The fiscal cliff deal painfully hammered out in the waning hours of 2012 likely foreshadows the battles yet to come this year over the country's fundamental mismatch between revenue and spending. But these fiscal fights are not the only reason 2013 promises to be interesting. The new year will bring with it an intense period of Dodd-Frank rulemaking and the implementation of rules recently put in place.
As Dodd-Frank comes to life, its harmful effects will come into plain view. Solutions crafted without a clear focus on the problems that need fixing can create new, even more severe consequences. These issues are described in detail in an upcoming book entitled Dodd Frank: What it Does and Why It's Flawed, due out tomorrow by the Mercatus Center at George Mason University. A quick overview of the law's shortcomings is a stark reminder of the dangers of legislating in haste:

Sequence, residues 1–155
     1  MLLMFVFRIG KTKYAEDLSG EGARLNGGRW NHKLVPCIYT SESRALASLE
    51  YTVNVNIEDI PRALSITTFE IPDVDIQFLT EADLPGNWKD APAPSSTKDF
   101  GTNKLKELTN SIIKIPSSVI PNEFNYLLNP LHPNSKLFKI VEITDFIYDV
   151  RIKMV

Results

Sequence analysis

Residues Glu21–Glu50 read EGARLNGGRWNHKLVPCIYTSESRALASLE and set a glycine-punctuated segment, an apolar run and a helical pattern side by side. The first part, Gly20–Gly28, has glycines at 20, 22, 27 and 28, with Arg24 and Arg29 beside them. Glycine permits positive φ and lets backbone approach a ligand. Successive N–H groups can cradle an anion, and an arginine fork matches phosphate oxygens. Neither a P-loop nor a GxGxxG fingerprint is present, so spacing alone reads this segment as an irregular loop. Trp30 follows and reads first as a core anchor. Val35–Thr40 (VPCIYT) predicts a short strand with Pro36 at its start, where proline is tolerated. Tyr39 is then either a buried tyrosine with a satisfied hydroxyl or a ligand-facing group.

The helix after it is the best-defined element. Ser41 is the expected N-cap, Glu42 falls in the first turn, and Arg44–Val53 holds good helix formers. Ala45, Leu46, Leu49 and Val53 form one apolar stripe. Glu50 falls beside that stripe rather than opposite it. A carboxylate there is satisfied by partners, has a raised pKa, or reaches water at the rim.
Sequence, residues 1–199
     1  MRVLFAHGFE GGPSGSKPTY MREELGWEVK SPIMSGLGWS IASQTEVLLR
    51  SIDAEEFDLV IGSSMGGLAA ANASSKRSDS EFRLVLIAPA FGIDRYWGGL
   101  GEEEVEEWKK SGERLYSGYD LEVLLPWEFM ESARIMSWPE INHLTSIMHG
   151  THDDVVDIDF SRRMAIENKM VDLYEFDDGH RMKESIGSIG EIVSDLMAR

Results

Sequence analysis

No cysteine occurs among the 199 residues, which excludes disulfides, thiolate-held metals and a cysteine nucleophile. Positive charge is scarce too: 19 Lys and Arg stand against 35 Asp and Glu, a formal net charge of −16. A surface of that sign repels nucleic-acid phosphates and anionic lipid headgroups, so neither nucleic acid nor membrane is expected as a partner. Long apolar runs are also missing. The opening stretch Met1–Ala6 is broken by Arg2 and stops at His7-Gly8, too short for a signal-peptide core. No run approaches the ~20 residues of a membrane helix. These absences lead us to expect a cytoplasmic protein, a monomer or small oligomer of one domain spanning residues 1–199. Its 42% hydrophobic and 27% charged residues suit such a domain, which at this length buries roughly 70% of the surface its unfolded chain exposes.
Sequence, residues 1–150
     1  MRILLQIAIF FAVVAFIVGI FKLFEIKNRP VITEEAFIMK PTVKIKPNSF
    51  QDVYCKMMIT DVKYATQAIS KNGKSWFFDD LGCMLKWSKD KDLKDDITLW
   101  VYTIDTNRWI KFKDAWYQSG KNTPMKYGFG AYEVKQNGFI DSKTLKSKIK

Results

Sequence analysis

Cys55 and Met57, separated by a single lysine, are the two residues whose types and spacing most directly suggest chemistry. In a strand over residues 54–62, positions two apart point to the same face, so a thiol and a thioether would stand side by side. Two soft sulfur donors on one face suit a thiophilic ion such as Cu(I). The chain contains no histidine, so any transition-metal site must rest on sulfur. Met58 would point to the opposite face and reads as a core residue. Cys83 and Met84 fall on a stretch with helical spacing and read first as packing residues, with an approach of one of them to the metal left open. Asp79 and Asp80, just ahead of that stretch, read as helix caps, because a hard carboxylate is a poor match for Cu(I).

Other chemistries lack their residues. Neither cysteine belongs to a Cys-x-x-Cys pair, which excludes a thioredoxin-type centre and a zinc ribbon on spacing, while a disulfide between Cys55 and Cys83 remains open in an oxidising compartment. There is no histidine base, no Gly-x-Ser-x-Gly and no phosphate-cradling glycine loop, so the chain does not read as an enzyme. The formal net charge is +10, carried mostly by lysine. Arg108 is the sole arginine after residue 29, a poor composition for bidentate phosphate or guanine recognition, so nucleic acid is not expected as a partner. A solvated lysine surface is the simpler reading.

- Codifies Too-Big-to-Fail. Rather than eliminating the market's expectation that certain big financial firms are too big to fail, Dodd-Frank creates an explicit set of too-big-to-fail entities—those selected by the Financial Stability Oversight Council for special regulation by the Fed.
- Threatens Small Businesses. Dodd-Frank's complex web of regulations favors large financial firms that can afford the lawyers to analyze them. New requirements will be disproportionately costly for small banks and small credit rating agencies. Dodd-Frank's complex derivatives rules will further concentrate an already concentrated industry.